“Current falls in Sydney prices also needed to be considered within the context of the spike in prices that occurred over 2014-2017, Mr Kusher added. This upward movement in prices over a short period of time meant today’s property prices were still 47.1 per cent higher than they were in 2008. ‘It could be many years before we see real dwelling values returning to their previous peak,’ Mr Kusher said. ‘Especially when other external factors are considered such as tightened credit accessibility, potentially higher mortgage rates and historic low rental returns.’”

‘Mr Kusher said he expected values to continue falling over at least the coming 12 months.”

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Comment by Mortgage Watch
2018-08-04 03:12:13

Little Torch Key, FL Housing Prices Crater 16% YOY As Global Housing Bust Expands

Comment by Mafia Blocks
2018-08-04 04:12:09

“Our goal is to build on a model that’s sustainable,’ Bauman said.”

Paying multiples over construction cost for a 20 year old house isn’t sustainable either…. nor is paying 3x rental rates for any house…. which explains the mushrooming inventory hitting the market. Paying triple the going rents for 2 or 3 years for a house is about it. A 15 or 30 year mortgage? Forget it. Walk.

Empty houses on every street. Dark condos in every city.

Comment by aNYCdj
2018-08-04 05:21:54

and NIMBY for a failed nursery

“We chose to give up town amenities of water, town septic service, and proximity to shops and restaurants in order to live in a quiet, more rural setting,”

Comment by OneAgainstMany
2018-08-04 09:11:36

Save the heirloom tomatoes!

Comment by Taxpayers
2018-08-04 05:44:54

22151 in
N VA. Inventory has gone up ,but so far could be the spring ,summer seasonal build.
Feds are spending big here.
The rest of u r looked.
Peak 5/2018 ,called it first

Comment by Taxpayers
Comment by Professor 🐻
2018-08-04 05:51:20

Here are my local observations:
1. For Lease signs seem very prevalent in local office complexes, much as they were in the 2007-2009 episode.
2. Wait times at local restaurants that cater to middle class families (eg California Pizza Kitchen) are way down, especially on weekends when you faced big crowds a couple of years ago.
3. Traffic on my daily commute route is lightening up; I made it home last night around 6pm with remarkably light traffic, which wouldn’t have happened a year ago.
4. Movie attendance is not robust. Saw Mission Impossible: Fallout last night in a mostly empty theater.
5. I’ve seen some ginormous homes under renovation in La Jolla over recent years. I guess the flippers are trying to time completion of these boondoggles to hit the market at the onset of the next real estate bust.

Comment by Professor 🐻
2018-08-04 05:57:10

6. Recently I dined out with my cousin who is talking about moving to a downtown San Diego condo. When he pointed out the building he is checking out, I couldn’t resist asking him why most units were dark at a time in the early evening on a weeknight before people generally go to bed.

Comment by azdude
2018-08-04 06:02:58

i off loaded some stock to bagholders last week.

Comment by Boo Randy
2018-08-04 07:51:43

I picked up some beaten-down gold & silver mining stocks from some weak hands last week.

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Comment by Professor 🐻
2018-08-04 16:17:06

7. A drive this morning through Del Mar and Rancho Santa Fe yielded surprising evidence of a rapid inventory buildup in progress, as in some cases I saw numerous yard signs on the same street. Uncle Warren seems to be selling out entire neighborhoods! This is high-end stuff… north of $1 million per property (some much more).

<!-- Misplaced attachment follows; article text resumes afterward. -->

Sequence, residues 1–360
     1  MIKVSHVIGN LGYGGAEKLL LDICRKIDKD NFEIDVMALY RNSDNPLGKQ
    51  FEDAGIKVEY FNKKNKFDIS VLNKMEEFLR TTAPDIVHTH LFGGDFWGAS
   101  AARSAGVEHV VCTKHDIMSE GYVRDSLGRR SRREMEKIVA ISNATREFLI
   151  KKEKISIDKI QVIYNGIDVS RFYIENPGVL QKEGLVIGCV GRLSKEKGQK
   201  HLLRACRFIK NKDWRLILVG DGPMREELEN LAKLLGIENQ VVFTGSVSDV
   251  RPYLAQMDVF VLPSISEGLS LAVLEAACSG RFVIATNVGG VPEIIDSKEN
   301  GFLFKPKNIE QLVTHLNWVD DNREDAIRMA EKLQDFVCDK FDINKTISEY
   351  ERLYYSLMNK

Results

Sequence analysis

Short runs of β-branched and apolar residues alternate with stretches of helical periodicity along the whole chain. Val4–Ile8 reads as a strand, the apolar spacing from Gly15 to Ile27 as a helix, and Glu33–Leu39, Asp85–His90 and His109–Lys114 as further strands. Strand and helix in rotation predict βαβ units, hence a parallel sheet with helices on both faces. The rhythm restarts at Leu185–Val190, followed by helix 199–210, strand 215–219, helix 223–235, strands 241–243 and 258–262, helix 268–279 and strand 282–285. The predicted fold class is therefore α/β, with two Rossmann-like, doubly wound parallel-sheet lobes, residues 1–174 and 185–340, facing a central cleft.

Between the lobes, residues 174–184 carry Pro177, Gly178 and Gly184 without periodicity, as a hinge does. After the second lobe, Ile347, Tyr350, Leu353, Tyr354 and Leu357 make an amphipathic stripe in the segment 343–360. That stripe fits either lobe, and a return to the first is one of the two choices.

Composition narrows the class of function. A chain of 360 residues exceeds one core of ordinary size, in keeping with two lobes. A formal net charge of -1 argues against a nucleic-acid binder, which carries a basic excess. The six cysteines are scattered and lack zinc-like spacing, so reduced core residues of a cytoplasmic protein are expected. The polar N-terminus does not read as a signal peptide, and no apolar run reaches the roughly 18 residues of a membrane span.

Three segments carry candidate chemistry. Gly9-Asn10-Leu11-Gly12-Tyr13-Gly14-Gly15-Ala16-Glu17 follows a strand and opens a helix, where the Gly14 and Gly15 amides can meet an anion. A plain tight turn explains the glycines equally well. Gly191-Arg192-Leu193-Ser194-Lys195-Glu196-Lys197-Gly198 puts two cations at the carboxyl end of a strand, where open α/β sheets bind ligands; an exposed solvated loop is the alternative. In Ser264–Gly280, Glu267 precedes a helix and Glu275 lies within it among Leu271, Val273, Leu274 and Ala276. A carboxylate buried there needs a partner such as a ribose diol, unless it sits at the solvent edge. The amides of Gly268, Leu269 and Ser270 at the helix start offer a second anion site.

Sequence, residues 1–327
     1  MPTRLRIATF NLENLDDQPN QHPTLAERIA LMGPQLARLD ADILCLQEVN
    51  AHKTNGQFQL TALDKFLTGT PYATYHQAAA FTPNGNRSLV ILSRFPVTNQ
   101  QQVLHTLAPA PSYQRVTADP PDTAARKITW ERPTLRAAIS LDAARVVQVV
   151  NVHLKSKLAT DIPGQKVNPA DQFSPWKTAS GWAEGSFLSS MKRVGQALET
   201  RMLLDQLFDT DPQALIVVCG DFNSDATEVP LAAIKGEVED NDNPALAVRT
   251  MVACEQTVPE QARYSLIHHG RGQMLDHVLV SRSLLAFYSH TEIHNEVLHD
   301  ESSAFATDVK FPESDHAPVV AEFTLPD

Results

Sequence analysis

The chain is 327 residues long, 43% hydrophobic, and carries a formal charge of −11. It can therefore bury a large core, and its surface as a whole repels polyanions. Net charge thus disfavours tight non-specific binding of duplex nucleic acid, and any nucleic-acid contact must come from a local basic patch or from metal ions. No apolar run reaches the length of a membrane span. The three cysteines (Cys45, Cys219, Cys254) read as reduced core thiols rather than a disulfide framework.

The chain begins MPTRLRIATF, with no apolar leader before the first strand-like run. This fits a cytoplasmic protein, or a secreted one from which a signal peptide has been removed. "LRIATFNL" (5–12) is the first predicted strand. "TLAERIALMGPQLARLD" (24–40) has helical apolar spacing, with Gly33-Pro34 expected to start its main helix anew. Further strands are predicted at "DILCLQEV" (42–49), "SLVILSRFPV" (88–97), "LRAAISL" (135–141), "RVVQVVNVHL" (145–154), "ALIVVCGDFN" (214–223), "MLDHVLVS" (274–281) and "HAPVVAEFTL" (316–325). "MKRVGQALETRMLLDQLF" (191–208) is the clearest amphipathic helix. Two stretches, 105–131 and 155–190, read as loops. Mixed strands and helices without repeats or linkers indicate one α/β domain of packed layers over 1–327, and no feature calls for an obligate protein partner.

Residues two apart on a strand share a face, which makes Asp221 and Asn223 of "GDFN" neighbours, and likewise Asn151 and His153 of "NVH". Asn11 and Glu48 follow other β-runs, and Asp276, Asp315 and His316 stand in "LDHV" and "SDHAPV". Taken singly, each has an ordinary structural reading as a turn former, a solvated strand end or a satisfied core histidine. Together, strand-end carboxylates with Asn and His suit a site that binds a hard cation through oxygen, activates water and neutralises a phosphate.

8. My son, who is training for cross country this fall season, took his early morning run through a nearby business Park. Later he asked me what a For Lease sign means. I explained that it’s like a For Rent sign on an empty house, but for a business to rent and occupy instead of a household. He said the For Lease signs were in front of virtually every driveway he passed. I told him it was just like this during the 2007-2009 financial crisis.

Comment by OneAgainstMany
2018-08-04 16:33:00

Hope your son has a good cross country season. I joined cross country in high school on a whim and somewhat as an accident, but it was one of the best accidents I made in my life. I frequently run through a new city I’m visiting just to get the feel of it. I’ve found that running is a really interesting way to see aspects of an area that you might never see if you are a tourist or just take a car everywhere. The same can be said about biking.

It’s amazing how much you can learn from the vibrancy of a city, or the lack thereof, when you are getting your long 20-mile runs in running through urban areas. Of course, I also run in nature to mix it up, but running through new areas gives me a feel of who’s up and who’s down. In my city, and the surrounding ones, I know just about every house that is for sale and which neighborhoods are thriving and which are suffering.

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Comment by Professor 🐻
2018-08-04 17:31:22

Not to stereotype, but Mormons seem to have some kind of comparitive advantage for distance running (albeit not like Kenyans). A disproportionate number of our local high school distance runners are LDS kids, and I recently heard that BYU has a top cross country team. My son is a decendent of the Utah pioneers, and us built well for running.

Comment by OneAgainstMany
2018-08-04 22:31:28

I think you are on to something. Although lately it seems that the Ethiopians are in the drivers seat when it comes to big races. And don’t overlook the Japanese, they are incredibly fast as a population. US distance running has been thrilling in the past few years with Gaylen Rupp and Shalane Flanagan. There are American runners who can hang with and beat east Africans, which is inspiring XC runners all across the country.

Right now the talent pipeline in Utah is American Fork high school. They are basically funneling their stars to BYU. Utah XC is a big deal. Back in my day it was Provo and Mountain View who were the powerhouses, but now American Fork runs the tables.